Instead, it would make things much more complicated. The problem with VPNs is that they are complicated to setup, there are interoperability issues on the hardware and software implementing it and there are chances that the VPN tunnel problems cause downtime to integrations. As the integrations predominantly use HTTP protocol, it's also much simpler to understand and limit the allowed traffic and ports with the reverse proxy solution than with the VPN, which usually allows all protocols.
It’s quite likely that IT leaders reading this will share my concerns, especially those looking after complex, highly integrated multi-vendor ecosystems. My main message to those of you is to gain accurate visibility and auditability of the data and ensure you can control process flows end-to-end. Security is such an important part of that journey, so here are a few ideas on how to start moving forward a little faster with it.
For large integration projects, ensure supplier documentation is well-reviewed and suitable for your approach to managing internal and customer data. Where data is stored, how it’s backed-up and so on are all useful things. But truly modern IT services need to know much more, such as how quickly and easily can those suppliers show and explain all the data they have of yours, and how do they manage passing data from one system to another? All this should be documented and included in contracts. This also applies to all third parties providing the integrations for you.
Get ready for GDPR
Some businesses are really on top of GDPR, but others have barely heard of it. If you’re the former, then begin having more detailed discussions with suppliers and make sure they are still suitable partners for you moving ahead. Apply pressure where needed and ensure their methods of integrations are as equally as compliant as their storage and/or security. In addition, ensure that everyone knows and understands their role regarding GDPR. For instance, Service-Flow’s role as an integration service is a data processor.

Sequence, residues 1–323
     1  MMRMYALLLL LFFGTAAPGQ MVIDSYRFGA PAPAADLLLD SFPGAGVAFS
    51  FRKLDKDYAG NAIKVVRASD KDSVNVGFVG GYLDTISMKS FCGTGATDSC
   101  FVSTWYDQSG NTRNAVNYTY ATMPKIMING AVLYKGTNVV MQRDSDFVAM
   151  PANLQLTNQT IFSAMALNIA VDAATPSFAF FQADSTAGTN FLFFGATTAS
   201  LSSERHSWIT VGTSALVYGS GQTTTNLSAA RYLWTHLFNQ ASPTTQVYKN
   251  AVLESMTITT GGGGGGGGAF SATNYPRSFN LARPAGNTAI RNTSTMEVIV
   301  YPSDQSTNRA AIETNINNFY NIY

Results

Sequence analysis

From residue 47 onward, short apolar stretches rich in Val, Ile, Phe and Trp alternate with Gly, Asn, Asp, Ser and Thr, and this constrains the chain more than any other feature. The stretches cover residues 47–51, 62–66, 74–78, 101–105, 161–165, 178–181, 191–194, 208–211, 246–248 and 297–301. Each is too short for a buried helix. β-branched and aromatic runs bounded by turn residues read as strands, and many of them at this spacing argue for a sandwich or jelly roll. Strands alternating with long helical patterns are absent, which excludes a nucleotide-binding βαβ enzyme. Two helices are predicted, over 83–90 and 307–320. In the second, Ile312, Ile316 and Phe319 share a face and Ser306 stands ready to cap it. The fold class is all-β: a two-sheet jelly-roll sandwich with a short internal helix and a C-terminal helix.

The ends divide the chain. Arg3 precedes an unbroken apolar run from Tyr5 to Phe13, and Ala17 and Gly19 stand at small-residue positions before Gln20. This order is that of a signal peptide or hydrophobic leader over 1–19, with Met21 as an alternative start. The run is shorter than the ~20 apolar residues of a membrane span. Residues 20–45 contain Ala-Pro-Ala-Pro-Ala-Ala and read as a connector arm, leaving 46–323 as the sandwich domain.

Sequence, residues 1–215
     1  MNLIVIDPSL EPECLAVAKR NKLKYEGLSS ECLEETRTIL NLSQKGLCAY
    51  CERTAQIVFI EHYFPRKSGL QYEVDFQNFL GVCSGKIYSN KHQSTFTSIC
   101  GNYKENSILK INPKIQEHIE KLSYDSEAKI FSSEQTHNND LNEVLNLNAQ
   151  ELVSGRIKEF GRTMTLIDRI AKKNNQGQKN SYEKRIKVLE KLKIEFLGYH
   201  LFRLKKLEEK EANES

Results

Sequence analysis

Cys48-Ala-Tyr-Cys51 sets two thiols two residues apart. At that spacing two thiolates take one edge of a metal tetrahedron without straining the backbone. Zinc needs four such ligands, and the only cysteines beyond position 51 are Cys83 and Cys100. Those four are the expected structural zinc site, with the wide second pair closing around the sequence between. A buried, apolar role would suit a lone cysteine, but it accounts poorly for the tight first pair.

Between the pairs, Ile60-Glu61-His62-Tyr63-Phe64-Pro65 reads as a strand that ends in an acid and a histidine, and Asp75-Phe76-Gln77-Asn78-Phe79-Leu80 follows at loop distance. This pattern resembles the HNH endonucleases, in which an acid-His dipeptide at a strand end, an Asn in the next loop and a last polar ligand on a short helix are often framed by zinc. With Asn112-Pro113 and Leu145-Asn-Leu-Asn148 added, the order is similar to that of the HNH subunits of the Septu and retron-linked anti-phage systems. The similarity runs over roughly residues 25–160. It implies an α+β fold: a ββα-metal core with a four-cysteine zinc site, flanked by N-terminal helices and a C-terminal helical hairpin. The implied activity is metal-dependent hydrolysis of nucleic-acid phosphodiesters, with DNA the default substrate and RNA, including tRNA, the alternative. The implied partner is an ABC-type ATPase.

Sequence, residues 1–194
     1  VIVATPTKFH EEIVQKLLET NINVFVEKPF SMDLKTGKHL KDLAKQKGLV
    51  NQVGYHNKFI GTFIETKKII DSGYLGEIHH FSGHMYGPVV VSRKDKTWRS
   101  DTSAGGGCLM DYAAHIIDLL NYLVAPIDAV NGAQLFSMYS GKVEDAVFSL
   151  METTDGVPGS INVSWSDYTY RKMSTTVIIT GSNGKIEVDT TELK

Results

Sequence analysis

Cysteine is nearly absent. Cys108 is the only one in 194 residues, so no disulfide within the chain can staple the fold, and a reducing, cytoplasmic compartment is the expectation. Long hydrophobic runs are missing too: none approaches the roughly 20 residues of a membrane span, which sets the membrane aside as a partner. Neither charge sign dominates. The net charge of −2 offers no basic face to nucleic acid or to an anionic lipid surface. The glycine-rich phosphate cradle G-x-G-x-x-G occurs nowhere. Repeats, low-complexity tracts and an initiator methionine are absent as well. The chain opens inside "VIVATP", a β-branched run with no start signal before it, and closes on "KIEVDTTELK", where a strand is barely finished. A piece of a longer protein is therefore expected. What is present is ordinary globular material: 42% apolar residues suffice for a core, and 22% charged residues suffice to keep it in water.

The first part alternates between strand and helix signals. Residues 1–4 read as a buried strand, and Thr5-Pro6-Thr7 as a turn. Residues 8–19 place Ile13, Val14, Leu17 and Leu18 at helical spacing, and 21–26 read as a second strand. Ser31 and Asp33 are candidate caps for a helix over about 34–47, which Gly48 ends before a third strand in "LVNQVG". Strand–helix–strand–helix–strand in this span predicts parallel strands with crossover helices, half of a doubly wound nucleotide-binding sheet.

It’s not just IT that have to be adequate custodians of data anymore. Every business user has contact with important data now, and if things go wrong it can’t just be passed on as a problem for IT. Organisations big and small should be developing programmes to help educate all parts of the business about these important topics and teaching them the skills and techniques to become self-sufficient and responsible in managing data.
As mentioned, I believe an important goal for any modern IT service is to be making that service more and more invisible to the customer. This achieved by firstly creating a greater level of real-time visibility of service data from within IT. The more you can see, the more you can manage what the then customers see. So, get on top of what data IT owns, how its passed around the organisation, suppliers, cloud and third-party services. Then make this information highly available to those who’ll benefit from it most.
If you would like to learn more about solving some of these issues in your organisation, please feel free to get in touch with me and my team at firstname.lastname@example.org